> These may be used for subsequent performance improvements,
> via batching of pages to be released.
>
> This is the first step of fixing the problem described in [1]. The steps
> are:
>
> 1) (This patch): provide put_user_page*() routines, intended to be used
>for releasing pages that were pinned via get_user_pages*().
>
> 2) Convert all of the call sites for get_user_pages*(), to
>invoke put_user_page*(), instead of put_page(). This involves dozens of
>call sites, and will take some time.
>
> 3) After (2) is complete, use get_user_pages*() and put_user_page*() to
>implement tracking of these pages. This tracking will be separate from
>the existing struct page refcounting.
>
> 4) Use the tracking and identification of these pages, to implement
>special handling (especially in writeback paths) when the pages are
>backed by a filesystem. Again, [1] provides details as to why that is
>desirable.

I thought at Plumbers we talked about using a page bit to tag pages
that have had their reference count elevated by get_user_pages()? That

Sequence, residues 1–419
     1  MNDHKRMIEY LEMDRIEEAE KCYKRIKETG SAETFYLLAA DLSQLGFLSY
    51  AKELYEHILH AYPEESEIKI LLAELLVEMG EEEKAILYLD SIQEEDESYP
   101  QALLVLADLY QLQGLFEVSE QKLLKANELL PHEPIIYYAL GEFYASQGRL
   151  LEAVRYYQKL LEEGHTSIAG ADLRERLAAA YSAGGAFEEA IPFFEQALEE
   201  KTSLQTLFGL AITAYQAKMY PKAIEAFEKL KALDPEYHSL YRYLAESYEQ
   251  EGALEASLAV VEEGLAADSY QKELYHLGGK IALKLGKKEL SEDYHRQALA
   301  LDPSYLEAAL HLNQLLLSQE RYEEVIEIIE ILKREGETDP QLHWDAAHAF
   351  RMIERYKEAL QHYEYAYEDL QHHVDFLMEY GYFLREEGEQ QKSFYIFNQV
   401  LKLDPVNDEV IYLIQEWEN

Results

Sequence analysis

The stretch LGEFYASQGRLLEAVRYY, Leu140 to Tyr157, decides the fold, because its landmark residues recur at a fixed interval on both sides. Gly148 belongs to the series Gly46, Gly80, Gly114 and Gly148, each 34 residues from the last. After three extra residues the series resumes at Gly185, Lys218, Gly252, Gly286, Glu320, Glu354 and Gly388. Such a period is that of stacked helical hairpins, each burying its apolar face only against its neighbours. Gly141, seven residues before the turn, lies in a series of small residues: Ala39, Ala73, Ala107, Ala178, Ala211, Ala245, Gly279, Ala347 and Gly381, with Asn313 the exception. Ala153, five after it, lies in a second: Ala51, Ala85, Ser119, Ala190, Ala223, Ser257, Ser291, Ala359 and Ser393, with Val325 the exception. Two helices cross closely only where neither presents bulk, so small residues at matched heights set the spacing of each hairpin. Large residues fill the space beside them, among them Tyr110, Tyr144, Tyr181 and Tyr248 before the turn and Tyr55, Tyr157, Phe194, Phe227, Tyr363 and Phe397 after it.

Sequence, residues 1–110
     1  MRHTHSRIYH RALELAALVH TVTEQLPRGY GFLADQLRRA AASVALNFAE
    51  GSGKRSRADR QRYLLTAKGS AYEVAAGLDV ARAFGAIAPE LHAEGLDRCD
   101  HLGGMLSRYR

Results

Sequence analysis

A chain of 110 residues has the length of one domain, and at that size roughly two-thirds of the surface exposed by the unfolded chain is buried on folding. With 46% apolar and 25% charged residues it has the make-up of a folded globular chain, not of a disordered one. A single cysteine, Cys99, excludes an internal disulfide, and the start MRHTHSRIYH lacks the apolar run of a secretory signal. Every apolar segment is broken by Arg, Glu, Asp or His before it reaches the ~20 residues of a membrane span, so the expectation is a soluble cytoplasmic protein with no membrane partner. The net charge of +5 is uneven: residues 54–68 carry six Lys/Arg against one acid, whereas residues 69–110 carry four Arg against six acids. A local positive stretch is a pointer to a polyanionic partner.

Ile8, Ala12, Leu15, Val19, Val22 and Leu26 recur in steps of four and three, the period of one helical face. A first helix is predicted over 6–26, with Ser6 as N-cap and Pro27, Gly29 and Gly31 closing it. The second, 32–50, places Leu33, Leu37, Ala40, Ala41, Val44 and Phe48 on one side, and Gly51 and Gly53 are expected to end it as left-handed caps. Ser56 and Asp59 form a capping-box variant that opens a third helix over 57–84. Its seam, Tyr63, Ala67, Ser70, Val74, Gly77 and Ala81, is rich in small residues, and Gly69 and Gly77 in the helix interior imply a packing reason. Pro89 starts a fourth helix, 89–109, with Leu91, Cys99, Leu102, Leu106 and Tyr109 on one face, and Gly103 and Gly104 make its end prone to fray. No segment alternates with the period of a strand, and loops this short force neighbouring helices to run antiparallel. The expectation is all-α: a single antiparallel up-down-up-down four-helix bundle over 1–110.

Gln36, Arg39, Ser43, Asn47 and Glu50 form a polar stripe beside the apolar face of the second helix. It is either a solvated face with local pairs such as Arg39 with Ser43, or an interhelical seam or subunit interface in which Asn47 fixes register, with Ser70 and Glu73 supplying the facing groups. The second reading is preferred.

way there is no need to distinguish put_page() from put_user_page() it
just happens internally to put_page(). At the conference Matthew was
offering to free up a page bit for this purpose.

> [1] https://lwn.net/Articles/753027/ : "The Trouble with get_user_pages()"
>
> Reviewed-by: Jan Kara 

Wish, you could have been there Jan. I'm missing why it's safe to
assume that a single put_user_page() is paired with a get_user_page()?


Re: [RFC PATCH 02/14] mm/hms: heterogenenous memory system (HMS) documentation

2018-12-04 Thread Dan Williams
On Tue, Dec 4, 2018 at 10:58 AM Jerome Glisse  wrote:
>
> On Tue, Dec 04, 2018 at 10:31:17AM -0800, Dan Williams wrote:
> > On Tue, Dec 4, 2018 at 10:24 AM Jerome Glisse  wrote:
> > >
> > > On Tue, Dec 04, 2018 at 09:06:59AM -0800, Andi Kleen wrote:
> > > > jgli...@redhat.com writes:
> > > >
> > > > > +
> > > > > +To help with forward compatibility each object as a version value and
> > > > > +it is mandatory for user space to only use target or initiator with
> > > > > +version supported by the user space. For instance if user space only
> > > > > +knows about what version 1 means and sees a target with version 2 
> > > > > then
> > > > > +the user space must ignore that target as if it does not exist.
> > > >